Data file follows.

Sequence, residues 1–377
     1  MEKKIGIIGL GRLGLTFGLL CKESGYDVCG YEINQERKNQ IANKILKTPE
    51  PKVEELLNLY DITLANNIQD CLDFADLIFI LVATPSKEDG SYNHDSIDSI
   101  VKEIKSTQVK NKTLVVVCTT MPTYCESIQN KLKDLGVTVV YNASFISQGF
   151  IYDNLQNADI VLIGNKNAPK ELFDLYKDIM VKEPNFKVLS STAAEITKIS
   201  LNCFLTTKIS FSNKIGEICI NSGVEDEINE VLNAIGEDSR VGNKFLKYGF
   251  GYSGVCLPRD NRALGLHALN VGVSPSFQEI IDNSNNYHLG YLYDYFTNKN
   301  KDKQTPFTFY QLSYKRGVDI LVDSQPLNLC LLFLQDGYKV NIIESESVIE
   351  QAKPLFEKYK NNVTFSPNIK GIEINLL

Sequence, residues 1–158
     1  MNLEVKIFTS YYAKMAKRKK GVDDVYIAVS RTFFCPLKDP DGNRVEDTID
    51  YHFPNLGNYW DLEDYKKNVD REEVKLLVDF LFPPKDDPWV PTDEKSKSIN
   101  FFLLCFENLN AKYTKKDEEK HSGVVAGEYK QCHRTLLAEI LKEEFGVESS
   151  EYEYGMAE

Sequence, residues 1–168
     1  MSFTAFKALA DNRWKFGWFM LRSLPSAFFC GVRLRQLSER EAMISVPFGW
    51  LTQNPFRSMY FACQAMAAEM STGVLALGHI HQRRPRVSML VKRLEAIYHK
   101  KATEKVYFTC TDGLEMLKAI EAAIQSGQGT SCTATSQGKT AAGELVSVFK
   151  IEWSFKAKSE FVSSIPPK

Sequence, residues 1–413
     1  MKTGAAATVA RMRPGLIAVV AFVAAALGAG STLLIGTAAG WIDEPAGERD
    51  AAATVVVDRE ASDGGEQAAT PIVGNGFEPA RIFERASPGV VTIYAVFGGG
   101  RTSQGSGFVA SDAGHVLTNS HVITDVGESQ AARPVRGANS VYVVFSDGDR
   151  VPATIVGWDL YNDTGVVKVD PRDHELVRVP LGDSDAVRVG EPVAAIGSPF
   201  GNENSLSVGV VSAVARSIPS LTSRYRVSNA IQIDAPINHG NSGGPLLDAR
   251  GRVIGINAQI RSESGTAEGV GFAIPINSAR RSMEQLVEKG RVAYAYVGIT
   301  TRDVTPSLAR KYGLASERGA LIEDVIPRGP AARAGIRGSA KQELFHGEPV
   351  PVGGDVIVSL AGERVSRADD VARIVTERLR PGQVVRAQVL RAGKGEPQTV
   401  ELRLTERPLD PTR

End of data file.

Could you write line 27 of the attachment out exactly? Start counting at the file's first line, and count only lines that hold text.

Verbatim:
   301  TRDVTPSLAR KYGLASERGA LIEDVIPRGP AARAGIRGSA KQELFHGEPV